UC Center for Health Quality and Innovation awards more than $3.4 million in grants

The UC Center for Health Quality and Innovation distributed more than $3.4 million in grants July 1 to fund nine projects submitted by UC campuses, in hopes of improving health care and reducing costs.

As funding for health care decreases, finding ways to offer more efficient care to patients is a top priority for health care systems like the UC Center for Health Quality and Innovation, whose aims include enhancing patient care and setting guidelines for common practices that benefit communities and populations, said Terry Leach, executive director of the center.

Though decisions for which proposals to fund have been made, Leach said funding would not be distributed until Sept. 1.

Leach said one of the main purposes of the proposals is to enable university medical schools and centers to do more with less.

“As we are squeezed more and more, and as there are fewer dollars, we know we can be more efficient,” Leach said. “We can’t do a one-size-fits-all — we have to tailor to the needs of individual patients so their experience is the safest that it can be.”

After receiving over 100 proposals from UC medical centers and schools, Leach said she and other center staff made their decisions by examining whether the proposal could be carried out successfully, had a multicampus or multidisciplinary team and matched the center’s objective.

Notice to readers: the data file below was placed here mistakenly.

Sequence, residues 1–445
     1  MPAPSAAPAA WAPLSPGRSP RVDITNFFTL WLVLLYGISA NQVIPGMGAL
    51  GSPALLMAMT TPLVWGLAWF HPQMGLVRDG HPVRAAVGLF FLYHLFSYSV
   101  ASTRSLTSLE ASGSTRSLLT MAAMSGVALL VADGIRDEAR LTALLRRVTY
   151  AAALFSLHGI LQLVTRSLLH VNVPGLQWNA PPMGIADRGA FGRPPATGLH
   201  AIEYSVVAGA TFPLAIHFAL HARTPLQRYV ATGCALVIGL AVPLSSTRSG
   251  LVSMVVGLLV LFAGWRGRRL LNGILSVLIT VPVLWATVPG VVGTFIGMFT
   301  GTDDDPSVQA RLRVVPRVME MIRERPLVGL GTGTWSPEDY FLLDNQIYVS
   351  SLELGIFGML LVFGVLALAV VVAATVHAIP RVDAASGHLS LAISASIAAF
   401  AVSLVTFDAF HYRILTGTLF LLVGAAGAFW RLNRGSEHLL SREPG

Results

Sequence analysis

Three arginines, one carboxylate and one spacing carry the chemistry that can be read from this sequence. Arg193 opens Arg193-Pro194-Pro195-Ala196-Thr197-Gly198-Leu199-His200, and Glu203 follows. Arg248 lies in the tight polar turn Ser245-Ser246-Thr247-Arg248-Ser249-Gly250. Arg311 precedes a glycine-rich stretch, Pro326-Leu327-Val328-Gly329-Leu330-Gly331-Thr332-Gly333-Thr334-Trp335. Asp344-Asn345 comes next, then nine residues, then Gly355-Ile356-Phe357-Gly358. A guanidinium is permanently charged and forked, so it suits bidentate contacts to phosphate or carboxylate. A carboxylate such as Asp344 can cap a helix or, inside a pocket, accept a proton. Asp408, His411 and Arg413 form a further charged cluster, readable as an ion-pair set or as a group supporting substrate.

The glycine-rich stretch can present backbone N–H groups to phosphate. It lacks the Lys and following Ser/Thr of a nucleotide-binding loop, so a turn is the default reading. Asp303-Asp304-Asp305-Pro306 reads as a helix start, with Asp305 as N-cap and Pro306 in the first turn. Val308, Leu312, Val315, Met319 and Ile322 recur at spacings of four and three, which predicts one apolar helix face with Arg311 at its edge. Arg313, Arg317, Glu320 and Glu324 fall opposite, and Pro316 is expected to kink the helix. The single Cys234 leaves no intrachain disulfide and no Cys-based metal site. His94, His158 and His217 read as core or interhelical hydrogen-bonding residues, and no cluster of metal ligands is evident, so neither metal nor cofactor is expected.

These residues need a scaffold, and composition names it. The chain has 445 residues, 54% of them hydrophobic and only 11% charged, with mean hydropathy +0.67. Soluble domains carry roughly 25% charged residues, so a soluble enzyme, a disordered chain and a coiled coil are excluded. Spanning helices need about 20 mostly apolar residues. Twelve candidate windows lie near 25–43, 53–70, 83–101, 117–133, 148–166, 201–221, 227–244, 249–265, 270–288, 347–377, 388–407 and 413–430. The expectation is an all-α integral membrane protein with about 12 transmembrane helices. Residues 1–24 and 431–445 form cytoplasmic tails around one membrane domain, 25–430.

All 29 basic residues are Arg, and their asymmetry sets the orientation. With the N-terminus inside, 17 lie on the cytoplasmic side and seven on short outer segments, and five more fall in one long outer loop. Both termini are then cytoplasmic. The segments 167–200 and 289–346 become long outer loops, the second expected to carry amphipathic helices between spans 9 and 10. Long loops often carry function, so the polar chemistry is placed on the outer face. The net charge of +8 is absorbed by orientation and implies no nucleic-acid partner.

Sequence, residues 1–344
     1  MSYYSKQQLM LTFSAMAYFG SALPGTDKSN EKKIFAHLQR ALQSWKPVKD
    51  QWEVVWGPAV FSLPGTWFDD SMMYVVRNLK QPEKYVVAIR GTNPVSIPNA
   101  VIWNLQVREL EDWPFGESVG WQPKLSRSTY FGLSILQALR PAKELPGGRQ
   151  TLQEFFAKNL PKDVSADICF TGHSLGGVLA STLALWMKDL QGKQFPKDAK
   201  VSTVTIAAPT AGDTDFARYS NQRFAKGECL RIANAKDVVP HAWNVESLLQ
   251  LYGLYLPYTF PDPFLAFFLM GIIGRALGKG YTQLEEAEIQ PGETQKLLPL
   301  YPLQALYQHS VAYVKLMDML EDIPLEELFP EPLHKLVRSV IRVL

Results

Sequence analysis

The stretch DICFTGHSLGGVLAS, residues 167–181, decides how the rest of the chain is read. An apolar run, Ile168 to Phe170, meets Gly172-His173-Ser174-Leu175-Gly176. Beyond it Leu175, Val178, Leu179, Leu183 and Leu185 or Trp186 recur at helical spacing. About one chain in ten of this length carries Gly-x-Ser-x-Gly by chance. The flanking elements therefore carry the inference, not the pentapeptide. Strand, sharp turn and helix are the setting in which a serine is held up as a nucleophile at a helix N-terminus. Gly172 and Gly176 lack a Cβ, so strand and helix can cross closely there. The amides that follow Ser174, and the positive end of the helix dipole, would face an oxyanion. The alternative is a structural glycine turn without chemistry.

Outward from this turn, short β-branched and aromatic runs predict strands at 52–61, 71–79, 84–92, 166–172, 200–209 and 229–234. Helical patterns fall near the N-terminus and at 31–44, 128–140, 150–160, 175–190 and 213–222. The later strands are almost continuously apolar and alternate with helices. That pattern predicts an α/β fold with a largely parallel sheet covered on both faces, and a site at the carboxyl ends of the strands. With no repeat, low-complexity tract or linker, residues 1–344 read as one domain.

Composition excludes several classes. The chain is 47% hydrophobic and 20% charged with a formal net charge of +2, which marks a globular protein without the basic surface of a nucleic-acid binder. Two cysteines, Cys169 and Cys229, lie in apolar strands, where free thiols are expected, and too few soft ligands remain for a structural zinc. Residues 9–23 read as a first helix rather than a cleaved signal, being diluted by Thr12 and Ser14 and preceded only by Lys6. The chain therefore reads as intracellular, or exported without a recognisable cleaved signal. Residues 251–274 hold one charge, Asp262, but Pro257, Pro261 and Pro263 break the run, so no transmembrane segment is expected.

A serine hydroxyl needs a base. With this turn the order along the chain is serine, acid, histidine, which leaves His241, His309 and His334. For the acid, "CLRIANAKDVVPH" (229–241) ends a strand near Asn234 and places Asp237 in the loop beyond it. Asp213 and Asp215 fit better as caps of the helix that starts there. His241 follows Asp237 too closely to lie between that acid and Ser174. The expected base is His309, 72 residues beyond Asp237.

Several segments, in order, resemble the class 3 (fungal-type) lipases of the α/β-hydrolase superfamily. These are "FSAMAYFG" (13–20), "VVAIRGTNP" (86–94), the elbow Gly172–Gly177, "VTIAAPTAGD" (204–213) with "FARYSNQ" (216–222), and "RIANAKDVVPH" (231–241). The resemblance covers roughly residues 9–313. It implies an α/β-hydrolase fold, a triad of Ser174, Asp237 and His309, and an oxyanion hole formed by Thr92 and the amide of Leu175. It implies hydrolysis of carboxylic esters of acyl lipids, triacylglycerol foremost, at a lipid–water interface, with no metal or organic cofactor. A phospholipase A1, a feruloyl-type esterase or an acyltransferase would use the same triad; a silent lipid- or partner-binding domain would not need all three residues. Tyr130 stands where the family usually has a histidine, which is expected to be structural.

“These particular interventions are very important,” she said. “They’re areas that federal policymakers identified as ones hospitals have to do better in. We can also use them as a springboard to help faculty and staff learn how to become a generation of innovators.”

One proposal that has been chosen involves recruiting UC Berkeley undergraduates to work with UC San Francisco clinic patients to ensure they understand their condition and are fully informed when making difficult decisions regarding treatment, according to Jeff Belkora, the primary investigator and an assistant professor of surgery and health policy at UC San Francisco.

The grant money would be used to test whether the plan was feasible and could be long-term, Belkora said.

“The idea is that patients will get a good service that does improve their experience of care, that the clinics will benefit from having more patient-centered services like this, and students should benefit from this educational experience of shadowing patients,” Belkora said.

Another proposal dealt with collaboration between UC campuses to reduce re-admissions.

According to Ulfat Shaikh, the project primary investigator and an associate professor of pediatrics at UC Davis,  UC campuses with medical centers shared techniques for ensuring smooth transitions for patient discharging.

“The idea is to actually combine all the learning that the UCs have separately done into a powerful network that collaborates and learns from each other,” Shaikh said.